Anti-femminism in the developed world: the South Korean case

According to the World Economic Forum and United Nations reports, among the countries in the so-called “developed world”, South Korea is undoubtedly one of those with the worst situation regarding gender equality and women’s rights. Different statistics support this statement, such as the growing gender pay gap (more than 37% in 2019), and the 115th place out of 149 countries in the 2018 Gender Equality Report by the WEF. Women are relatively excluded from high-level positions in South Korean economy, as only 5% of members of boards in the corporate world are women. Moreover, even sexual crimes are not punished appropriately. Data from the last decade shows a 41% rate of release on probation and 30% of the cases concluded with just the imposition of a fine; only the remaining 28% of those found guilty (whose number, needless to say, is not equal to the total of all sexual crimes) was sent to prison. It has been noted by various analysts how misogyny in younger generations is driving the country towards an always worsening situation on the topic.

The phenomenon of collective misogyny that is affecting the country does not have a simple and straightforward explanation, and its root causes do not lie just in an ideological and conservative reaction to progressive gender equality in the whole world. Feminism is indeed associated with radicalism and misandry, and such equation constitutes the basis for various political positions, not last the one of newly elected president Yoon Suk-yeol and the leader of his People Power Party, Lee Jun-seok.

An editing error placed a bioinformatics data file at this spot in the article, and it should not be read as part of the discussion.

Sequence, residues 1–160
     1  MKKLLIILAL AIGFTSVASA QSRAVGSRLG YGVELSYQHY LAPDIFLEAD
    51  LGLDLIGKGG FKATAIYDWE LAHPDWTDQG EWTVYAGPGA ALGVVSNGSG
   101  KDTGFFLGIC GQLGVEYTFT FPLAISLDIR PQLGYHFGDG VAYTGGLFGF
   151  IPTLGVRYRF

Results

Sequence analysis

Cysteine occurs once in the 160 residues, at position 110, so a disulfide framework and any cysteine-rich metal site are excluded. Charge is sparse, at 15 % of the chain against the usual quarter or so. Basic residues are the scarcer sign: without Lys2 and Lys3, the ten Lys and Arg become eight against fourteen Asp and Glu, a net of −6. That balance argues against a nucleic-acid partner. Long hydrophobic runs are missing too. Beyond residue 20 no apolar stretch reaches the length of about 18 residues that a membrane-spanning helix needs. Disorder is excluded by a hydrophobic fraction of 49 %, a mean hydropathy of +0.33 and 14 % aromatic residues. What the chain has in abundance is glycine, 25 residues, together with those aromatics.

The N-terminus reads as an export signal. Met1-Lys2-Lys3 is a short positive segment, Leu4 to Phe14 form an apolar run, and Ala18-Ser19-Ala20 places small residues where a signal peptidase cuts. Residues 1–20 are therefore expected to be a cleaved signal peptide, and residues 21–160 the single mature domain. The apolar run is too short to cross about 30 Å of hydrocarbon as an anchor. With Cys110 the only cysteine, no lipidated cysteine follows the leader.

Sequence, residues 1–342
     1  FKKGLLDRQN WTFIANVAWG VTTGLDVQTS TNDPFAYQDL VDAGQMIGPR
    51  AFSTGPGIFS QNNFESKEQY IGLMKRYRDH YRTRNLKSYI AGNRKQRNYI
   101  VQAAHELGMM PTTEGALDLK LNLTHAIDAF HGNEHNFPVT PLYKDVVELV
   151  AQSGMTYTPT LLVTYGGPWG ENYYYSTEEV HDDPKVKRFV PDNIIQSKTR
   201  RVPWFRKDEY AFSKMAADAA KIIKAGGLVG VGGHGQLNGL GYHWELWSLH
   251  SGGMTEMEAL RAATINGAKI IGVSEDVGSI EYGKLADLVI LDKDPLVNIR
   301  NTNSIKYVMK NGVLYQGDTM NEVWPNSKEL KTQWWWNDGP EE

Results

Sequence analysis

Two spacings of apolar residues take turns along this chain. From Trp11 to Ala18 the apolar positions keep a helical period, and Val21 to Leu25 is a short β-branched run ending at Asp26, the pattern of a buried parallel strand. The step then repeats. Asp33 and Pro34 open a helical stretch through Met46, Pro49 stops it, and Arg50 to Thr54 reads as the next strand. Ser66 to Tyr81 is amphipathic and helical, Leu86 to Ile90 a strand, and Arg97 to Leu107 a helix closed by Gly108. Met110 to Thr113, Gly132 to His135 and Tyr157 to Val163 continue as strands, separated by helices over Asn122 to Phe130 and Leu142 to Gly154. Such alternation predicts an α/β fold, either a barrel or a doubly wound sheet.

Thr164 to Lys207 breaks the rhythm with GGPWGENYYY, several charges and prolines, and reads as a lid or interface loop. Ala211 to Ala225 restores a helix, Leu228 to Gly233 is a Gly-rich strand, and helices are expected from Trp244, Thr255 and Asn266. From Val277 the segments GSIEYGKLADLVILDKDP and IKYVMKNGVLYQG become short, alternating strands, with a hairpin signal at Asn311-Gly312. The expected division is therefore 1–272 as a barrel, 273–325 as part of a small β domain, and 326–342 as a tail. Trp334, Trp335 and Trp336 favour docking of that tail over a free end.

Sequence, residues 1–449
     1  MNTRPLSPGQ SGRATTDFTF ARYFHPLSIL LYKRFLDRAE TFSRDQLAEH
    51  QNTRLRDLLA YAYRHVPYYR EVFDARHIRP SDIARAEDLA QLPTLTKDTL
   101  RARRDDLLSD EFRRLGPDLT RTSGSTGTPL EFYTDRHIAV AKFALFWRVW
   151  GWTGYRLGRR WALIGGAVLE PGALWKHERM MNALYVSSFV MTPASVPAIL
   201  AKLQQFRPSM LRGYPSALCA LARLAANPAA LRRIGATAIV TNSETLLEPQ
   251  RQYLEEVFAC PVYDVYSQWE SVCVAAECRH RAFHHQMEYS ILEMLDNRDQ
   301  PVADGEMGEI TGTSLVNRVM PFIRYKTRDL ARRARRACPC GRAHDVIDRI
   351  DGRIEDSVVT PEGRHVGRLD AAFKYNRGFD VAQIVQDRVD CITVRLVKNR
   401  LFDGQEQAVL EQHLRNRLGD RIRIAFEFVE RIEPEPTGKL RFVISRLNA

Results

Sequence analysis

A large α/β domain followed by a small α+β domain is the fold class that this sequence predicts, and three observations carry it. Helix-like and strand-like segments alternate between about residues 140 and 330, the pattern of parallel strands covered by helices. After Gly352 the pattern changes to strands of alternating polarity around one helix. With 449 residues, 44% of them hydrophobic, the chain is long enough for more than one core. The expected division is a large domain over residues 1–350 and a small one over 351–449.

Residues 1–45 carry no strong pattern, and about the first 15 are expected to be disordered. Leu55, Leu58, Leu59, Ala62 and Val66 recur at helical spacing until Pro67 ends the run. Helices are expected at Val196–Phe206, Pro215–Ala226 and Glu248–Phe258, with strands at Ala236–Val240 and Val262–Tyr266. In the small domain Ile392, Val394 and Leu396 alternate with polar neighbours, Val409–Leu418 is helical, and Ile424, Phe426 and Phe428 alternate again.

Ideological and political causes

It has been argued that the strong capitalist and individualist ideology that characterizes current South Korean society, politics, and economy may be one of the main causes of such radicalization of the debate. Young South Korean men, that did not live through the historical struggles of older generations, live in a society in which the labour market and education are highly competitive and individualist, thus creating a new moral sensibility in which an extremized meritocratic perspective plays a central role. According to this view, the poorest layers of the population are to blame in an exclusive manner for their economic situation; applying the same reasoning to the gender pay gap, women are to blame for their lower income level, simply because they do not put as much effort in their careers as their male counterparts. Obviously, this view of the labour market is totally distorted and can easily be proven wrong. However, in a situation in which the political class itself exacerbates this worrying phenomenon, it is difficult to educate a large share of the population in order to create a more worthwhile debate on the topic. In this situation, young men tend to see women as threats because of the alleged preferential treatment that they receive. According to a local survey, almost 80% of young men feel discriminated against on a gender basis.